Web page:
While working at home and overseas she managed to start up the Wildlife & Botanical Artists organisation, which existed for 20 years. Then, after what she says was a wonderful career in the APS, she was ready to pursue her lifelong passion.

“I loved my job as an international development specialist; it was very fulfilling. But even with this amazing career, I was happy to leave to do what I believe is the most important thing and that’s nature engagement.”

“NatureArt Lab gives people a special place to immerse themselves and to develop their interests in art and science,” she says.

Original artwork by Julia Landford.

While NatureArt Lab’s international trips to exotic and unique destinations like Sabah in Borneo, Costa Rica and the Galapagos are on-hold, Julia hopes to be embarking on some northern Australia trips soon. The opportunities for budding artists and observers continue with workshops closer to home. There is also a range of completely free resources online for children, who Julia says are her most important clients.

“It’s challenging times right now but I am forever an optimist and believe in doing what you love and living every day with purpose,” she says.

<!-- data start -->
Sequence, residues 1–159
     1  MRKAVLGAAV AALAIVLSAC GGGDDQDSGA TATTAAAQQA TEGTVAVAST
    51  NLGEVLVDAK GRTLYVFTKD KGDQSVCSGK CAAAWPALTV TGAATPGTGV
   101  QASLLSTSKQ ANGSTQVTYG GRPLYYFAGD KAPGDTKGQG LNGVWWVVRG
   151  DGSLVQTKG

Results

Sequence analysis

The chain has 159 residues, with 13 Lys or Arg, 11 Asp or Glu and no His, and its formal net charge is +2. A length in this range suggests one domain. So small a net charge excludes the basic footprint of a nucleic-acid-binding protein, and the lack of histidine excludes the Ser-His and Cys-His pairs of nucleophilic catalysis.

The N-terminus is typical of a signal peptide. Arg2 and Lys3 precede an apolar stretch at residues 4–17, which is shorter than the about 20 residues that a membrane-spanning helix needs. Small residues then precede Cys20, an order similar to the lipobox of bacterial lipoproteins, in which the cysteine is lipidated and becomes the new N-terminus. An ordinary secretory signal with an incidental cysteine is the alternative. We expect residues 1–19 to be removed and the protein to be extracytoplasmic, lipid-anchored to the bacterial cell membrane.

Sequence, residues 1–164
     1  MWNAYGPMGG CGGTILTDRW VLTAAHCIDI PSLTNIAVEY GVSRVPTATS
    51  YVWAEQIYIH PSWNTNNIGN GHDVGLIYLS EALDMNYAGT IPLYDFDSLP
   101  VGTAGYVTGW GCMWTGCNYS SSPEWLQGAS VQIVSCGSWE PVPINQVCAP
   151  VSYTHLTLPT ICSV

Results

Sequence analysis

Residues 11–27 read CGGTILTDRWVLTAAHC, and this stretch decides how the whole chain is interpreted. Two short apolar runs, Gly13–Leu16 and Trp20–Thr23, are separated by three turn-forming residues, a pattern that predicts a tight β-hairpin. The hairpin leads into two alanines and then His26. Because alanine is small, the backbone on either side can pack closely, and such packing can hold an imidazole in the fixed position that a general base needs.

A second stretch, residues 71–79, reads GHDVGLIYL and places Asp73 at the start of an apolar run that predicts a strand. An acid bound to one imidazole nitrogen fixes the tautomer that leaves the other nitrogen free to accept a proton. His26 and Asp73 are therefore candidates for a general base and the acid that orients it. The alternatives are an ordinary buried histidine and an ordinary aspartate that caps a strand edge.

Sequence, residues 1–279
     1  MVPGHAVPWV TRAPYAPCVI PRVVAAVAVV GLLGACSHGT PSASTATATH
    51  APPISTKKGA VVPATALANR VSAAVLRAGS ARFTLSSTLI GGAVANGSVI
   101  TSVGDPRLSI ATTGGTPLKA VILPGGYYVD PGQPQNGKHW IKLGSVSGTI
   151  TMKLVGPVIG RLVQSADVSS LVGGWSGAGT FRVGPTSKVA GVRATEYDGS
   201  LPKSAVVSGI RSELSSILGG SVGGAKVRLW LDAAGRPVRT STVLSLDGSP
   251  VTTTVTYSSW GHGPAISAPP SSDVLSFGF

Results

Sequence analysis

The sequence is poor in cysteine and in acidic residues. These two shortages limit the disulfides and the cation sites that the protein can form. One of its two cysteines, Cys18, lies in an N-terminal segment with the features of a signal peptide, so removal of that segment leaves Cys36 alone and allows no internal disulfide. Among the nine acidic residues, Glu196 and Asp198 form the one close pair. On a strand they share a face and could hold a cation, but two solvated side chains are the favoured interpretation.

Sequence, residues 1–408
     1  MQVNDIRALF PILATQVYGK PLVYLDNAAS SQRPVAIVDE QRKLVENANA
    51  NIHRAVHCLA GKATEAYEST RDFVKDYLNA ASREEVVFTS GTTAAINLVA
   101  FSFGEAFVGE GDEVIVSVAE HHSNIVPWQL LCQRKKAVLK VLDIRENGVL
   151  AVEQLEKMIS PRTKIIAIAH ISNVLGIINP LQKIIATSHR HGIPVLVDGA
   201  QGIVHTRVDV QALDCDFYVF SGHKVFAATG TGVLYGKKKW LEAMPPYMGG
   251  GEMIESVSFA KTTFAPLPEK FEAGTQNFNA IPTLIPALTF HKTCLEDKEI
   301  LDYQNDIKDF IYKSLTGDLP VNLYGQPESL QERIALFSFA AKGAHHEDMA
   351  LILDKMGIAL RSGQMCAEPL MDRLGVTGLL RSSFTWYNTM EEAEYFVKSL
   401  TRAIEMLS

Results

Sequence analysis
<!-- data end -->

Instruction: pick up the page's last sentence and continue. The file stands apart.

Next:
“One of the special things that helps people during difficult times, like COVID-19 isolation, is to take a walk in nature. Nature has a profound benefit on wellbeing, including inducing calmness and mindfulness.”

“Canberra is great for this as most suburbs have somewhere beautiful close by.”

Speakers over the two events are:

  • Nicole Godwin; author and Founder of Tusk Books, Nicole shines a light on animal rights and environmental issues with award-winning picture books
  • Megan Gilmour; social innovator and Co-Founder and CEO of Art of Agency, Robots4Good and Missing School, Megan builds robots for sick kids that can’t attend school and won the ACT Telstra Business Women’s Award in social enterprise
  • Julia Landford; botanical artist, environmental educator and Founding Director of the NatureArt Lab, the only environmental arts education centre of its kind in Australia
  • Mikaela Jade; Indigenous entrepreneur, Founder and CEO of Indigital, which offers a digital skills programs for  First Peoples’ to leapfrog into the Fourth Industrial Revolution
  • Maddie Diamond; social and environmental activist, Executive Officer of SEE-Change, and Founder of Trash Gather, a youth-led volunteer group that organises rubbish clean-ups around Canberra.

Julia Landford’s three steps to a better mindset

  1. Switch off your mobile phone
  2. Go outdoors
  3. Look a bit more closely at what’s happening around you and ask yourself questions about what you see.

“Suddenly you’re not thinking about all the stuff going on in the world; it’s just you in nature.”

THE ESSENTIALS

What: Canberra Women of Science and Art: two webinars, an ‘artistic impression’ competition, free activities and resources
When: 11 am Saturday 15 August and 7.30 pm Monday 17 August. Competition opens 11 August and closes 23 August.
Cost: Free
Website: innovatecommunicate.com/national-science-week-2020